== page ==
Antipasto Salad.................................................................................................................................. 37
Avocado Salad ................................................................................................................................... 38
Best of Greens Salad .......................................................................................................................... 39
Greek Salad ....................................................................................................................................... 40
Satisfying Main Dishes ........................................................................................................................... 42
Spaghetti Squash Marinara ................................................................................................................ 42
Pureed Sweet Potato ......................................................................................................................... 43
Wild Rice Salad .................................................................................................................................. 43
Sprouted Quinoa Salad ...................................................................................................................... 45
Stuffed Peppers ................................................................................................................................. 46
Desserts ................................................................................................................................................ 47
Lemon Slush ...................................................................................................................................... 47
Strawberry Slush................................................................................................................................ 47
Chocolate Pudding............................................................................................................................. 49
Peach Shake ...................................................................................................................................... 49
Raw Chocolate Ice Cream .................................................................................................................. 51
Cranberry Chocolate Cookies ............................................................................................................. 51
Almond Balls...................................................................................................................................... 52
References ............................................................................................................................................ 53
Resources .............................................................................................................................................. 54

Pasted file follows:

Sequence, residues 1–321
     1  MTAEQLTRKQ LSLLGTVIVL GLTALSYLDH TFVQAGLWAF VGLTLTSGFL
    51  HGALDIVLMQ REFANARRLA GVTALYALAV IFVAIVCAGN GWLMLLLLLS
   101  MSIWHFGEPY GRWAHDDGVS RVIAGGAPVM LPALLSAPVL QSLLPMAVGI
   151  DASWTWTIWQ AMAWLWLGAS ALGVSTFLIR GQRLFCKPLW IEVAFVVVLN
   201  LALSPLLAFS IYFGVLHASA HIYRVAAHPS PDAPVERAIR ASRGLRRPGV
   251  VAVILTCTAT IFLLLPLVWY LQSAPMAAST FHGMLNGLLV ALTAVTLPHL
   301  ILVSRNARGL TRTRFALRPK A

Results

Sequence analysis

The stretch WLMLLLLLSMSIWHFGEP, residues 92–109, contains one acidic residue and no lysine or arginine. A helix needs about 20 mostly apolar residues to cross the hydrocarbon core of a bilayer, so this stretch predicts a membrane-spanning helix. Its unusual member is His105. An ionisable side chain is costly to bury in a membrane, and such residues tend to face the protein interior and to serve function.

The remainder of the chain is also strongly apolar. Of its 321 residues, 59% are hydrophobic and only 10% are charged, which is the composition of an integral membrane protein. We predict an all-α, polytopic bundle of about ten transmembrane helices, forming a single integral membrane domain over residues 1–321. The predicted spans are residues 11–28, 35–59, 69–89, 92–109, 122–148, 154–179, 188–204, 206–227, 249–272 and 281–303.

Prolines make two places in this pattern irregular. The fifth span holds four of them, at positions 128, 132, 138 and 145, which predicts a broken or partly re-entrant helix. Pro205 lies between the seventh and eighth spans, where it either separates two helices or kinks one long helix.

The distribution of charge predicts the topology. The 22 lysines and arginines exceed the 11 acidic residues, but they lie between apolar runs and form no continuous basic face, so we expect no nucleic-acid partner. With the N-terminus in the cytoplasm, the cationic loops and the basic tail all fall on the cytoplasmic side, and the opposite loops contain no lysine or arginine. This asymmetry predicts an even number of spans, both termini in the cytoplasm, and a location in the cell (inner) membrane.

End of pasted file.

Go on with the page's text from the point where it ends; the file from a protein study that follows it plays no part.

The Raw Foods Diet: Your Ticket to Health and Vitality

You’ve heard about the raw foods diet and you may be wondering: “Is this just another crazy,
half-baked diet fad?” Actually, the first humans on earth consumed a raw foods diet. Only with
the discovery of how to create fire did humans begin cooking their food. The raw foods diet may
seem extreme, but in this book, you’ll learn that it’s one of the simplest diets you can eat. Meals
take 10 minutes or less to prepare, with less mess and clean-up than traditional cooking
methods.
Another common aspect of the raw foods diet is its longevity in people’s lives. Fad diets promise
quick weight loss, usually with disappointing results. A fad diet may encourage you to cut
calories or eat a few foods exclusively for a few weeks. Not so with the raw foods diet. You
won’t feel hungry because you can eat as much as you want. At the same time, you’ll slowly
lose weight because you’re eating foods that are naturally low in calories and high in nutrients.
You’ll also eat a diet with more variety than you’ve ever eaten before. Foods are delicious and
full of flavor. Most people who try the raw foods diet love it so much that they continue it—for
life. The raw foods diet is a way of living, rather than a temporary diet. If this sounds like what
you’ve been searching for, read on to learn more about the raw foods way of life.
Benefits
You probably already know that you should be eating more fruits and vegetables for health and
weight maintenance. But when you eat most of those foods raw, you’ll see even better results,
such as:
Wei ght l oss. One of the most immediate benefits of the raw foods diet is steady, consistent
weight loss that stays off for life. In a German study of 513 participants, the average weight loss
for men on a raw foods diet was 22 pounds, while women averaged a weight loss of 25 pounds.
A U.S. study found that not only do raw foods enthusiasts weigh less, but their Body Mass Index
(BMI) remains at healthy levels and they consume fewer calories than most Americans. The
average calorie intake for participants in this study was around 1,900 per day. Most of the men
had a BMI of 14 percent, while women had a BMI of 24 percent. The men in the control group
had a BMI of 21, while women in the control group had a BMI of 34 percent, well above the
recommended range of 18.5 to 24.9 percent.